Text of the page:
Building a Trusting Workplace #2

This is the second of four blogs on Overcoming Commoditization with Your People.  Click here for the original post.

In the context of teaching your people to “out-behave” your competitors, I believe it is important to build an organization in which your people trust each other to do the right things for the customers and the company.  Tthe first key culture factor is clearly communicated values and mission.

The second key culture factor is having the right people on your team, or in your organization.  If you are not starting from scratch, then you have to begin building your team where you are.  This means that when you communicate and reinforce by your own behavior the values and mission of your enterprise, then you must give your people the tools they need to demonstrate that they are the right folks to be on the team.  (Here are some ideas about coaching people.) The Gallup Organization research shows that in most organizations, as much as 15% of employees are “actively disengaged.”  This means that they are sabotaging your efforts to build loyal customers.  These folks need to be given the opportunity to become “actively engaged,” or invited to succeed elsewhere — and quickly.  Our experience shows that a well-designed learning or training process to focus attention on the internal and external customer should enable disengaged employees to reengage within 5 to 7 weeks.  (The key is the way the training process presents the material and positively reinforces the learning.)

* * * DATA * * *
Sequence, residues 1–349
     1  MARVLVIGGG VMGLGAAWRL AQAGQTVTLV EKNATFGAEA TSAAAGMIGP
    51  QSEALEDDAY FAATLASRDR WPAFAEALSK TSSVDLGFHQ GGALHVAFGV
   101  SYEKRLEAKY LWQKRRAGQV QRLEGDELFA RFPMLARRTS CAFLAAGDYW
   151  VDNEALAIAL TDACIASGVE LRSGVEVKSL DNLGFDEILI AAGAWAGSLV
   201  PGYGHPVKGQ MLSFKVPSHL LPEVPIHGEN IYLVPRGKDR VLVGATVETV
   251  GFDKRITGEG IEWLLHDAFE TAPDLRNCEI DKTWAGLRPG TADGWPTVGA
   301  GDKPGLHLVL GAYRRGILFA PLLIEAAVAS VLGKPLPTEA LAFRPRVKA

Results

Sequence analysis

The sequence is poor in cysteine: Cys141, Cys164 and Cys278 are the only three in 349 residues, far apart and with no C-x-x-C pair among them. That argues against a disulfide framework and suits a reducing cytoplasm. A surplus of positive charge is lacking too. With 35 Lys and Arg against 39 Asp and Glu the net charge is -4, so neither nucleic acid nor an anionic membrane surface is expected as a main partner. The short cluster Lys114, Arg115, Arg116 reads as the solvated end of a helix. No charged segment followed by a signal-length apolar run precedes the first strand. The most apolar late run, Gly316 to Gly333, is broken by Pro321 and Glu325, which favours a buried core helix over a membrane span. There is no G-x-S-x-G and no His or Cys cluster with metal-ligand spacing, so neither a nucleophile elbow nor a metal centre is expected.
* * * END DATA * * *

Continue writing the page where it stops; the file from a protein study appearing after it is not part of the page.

If you are just building your team, or adding to an existing organization, then add people with care.  The old adage, “Haste makes waste,” certainly applies here.  Properly designed assessments can help you choose the best people.  Other than basic abilities to perform the functions of the job, the most important attribute for success in selling and serving are beliefs, attitudes  and skills, in that order.   In addition to looking at the skill sets of people, look for instruments that enable you to evaluate the attitudes and beliefs of your applicants.  One of our assessment tools, for example, help companies design “behavioral interviews” around the success factors for  people in that job.  They way they have behaved in the past is an excellent indicator of how they will behave when working with you.

One more thought:  if you are agonizing over dismissing an employee, who is obviously not the right person for your team, you may need to go ahead and kindly dismiss the person.  My experience is that they will be relieved, the rest of your people will be relieved, and you will be relieved.  At best they are unproductive.  At worst, they are sabotaging your business.

J. Mark Walker

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